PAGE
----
Guzheng History

Guzheng is also known as Qin zheng because it originated from the Qin state (located in today’s Shaanxi province) during the Spring and Autumn Period and Warring States Period (771 – 221 BC). It is also commonly known as zheng.

After guzheng was introduced to Korea, Japan and Vietnam, it was then known as kayagum in Korea, koto in Japan and dan tranh, with sixteen strings, in Vietnam. Over the years, these variations have developed with their own characteristics. In this sense, both qin zheng and guzheng can be called Chinese guzheng.

The early guzheng instruments had 5 strings and gradually evolved with the number of strings increasing to 12 in the Han Dynasty, 13 in the Tang Dynasty, 14 and 15 in the Ming Dynasty, and in most recent times 16, 18, 21, 23 and 26 strings.

In its early history, guzheng was mainly used in ensemble music and to accompany singing. The emergence of xiang he ge (song with harmony) in the Han Dynasty (206 BC – 220 AD) marked a whole new phase of development for guzheng as a music art form.

With the development of xiang he musical genre, the guzheng took on a more definite form by the 3rd century. It had oblong body of 6 Chinese feet long, with a curved sound box on which 12 strings were stretched. It had high bridges, which gave it a high tonal range. In performing practices, the strings were plucked with plectra made of bone worn on the fingertips, thus producing crisp notes.

The art of guzheng reached its height of development during this period. In the music of of the Eastern Jin (317 – 420 AD) and the Northern and Southern Dynasties (420 – 581 AD), qing shang yue genre, which appeared after xiang he ge, the guzheng was widely used to perform ethnic songs in the region of today’s Jiangsu, Zhejiang and Hubei provinces.

By the Sui Dynasty (581 – 618 AD), the 13-string guzheng had already become an important instrument in court music, but the 12-string model continued to exist in the qing shang yue, which evolved during the Sui and Tang Dynasties (cca. 7th to 10th century). It only started to decline by the end of the Tang Dynasty, and was replaced by the 13-string model. The turbulent and war-torn years of the Southern Song Dynasty (1127 – 1279) saw many music traditions disappearing.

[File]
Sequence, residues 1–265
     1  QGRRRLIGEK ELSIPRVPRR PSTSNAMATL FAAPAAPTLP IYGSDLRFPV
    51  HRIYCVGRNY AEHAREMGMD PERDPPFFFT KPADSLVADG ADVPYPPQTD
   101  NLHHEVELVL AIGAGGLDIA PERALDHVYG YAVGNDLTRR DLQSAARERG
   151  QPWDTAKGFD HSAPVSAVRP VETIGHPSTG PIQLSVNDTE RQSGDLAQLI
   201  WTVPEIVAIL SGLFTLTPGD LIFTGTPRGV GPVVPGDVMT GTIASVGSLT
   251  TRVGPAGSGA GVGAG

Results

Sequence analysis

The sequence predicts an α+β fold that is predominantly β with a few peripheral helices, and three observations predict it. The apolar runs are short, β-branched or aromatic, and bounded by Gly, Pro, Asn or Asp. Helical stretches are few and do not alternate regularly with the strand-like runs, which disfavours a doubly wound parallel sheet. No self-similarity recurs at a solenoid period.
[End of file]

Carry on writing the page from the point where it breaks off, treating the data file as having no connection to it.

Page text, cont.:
The guzheng continued to evolve during the Ming Dynasty (1368 – 1644), and the range grew broader with the number os strings increasing to 14 and 15. However, the social climate tended to disparage guzheng music as one of plebeian taste, so it was spurned by the literati officials. Guzheng players also had a low social status. Since the skill and repertoire was taught orally, none of the ancient scores remained intact to present day.

During the Yuan and Ming Dynasties (cca. 13th to 17 century), operatic music and narrative singing became a major source of influence. During the 15th century, there was a popular music type in the northern part of China called xian suo (string music). It featured guzheng, pipa and sanxian in ensemble playing or as accompaniment to singing.

From the early days when the Qin Guzheng was introduced to the Central Plains, it had spread to other regions, covering what is today’s Shaanxi, Henan, Hubei, Hunan, Jiangsu and Zhenjiang. Later, with 3 migrations of the Hakkas, the qin guzheng was introduced to Fujian and Guangdong. The art of guzheng was thus spread to all parts of China. Everywhere it went, it was subject to the geography, climate, customs, dialect of the locale, and was assimilated into the folk music of the region. Different vernacular styles were evolved, and in the 20th century, they became stylistic schools with their own provenance. The most famous guzheng schools include Henan, Shandong, Chiuchow, Hakka, Zhejiang etc., all of which have a long history that dates back to at least the Qing Dynasty.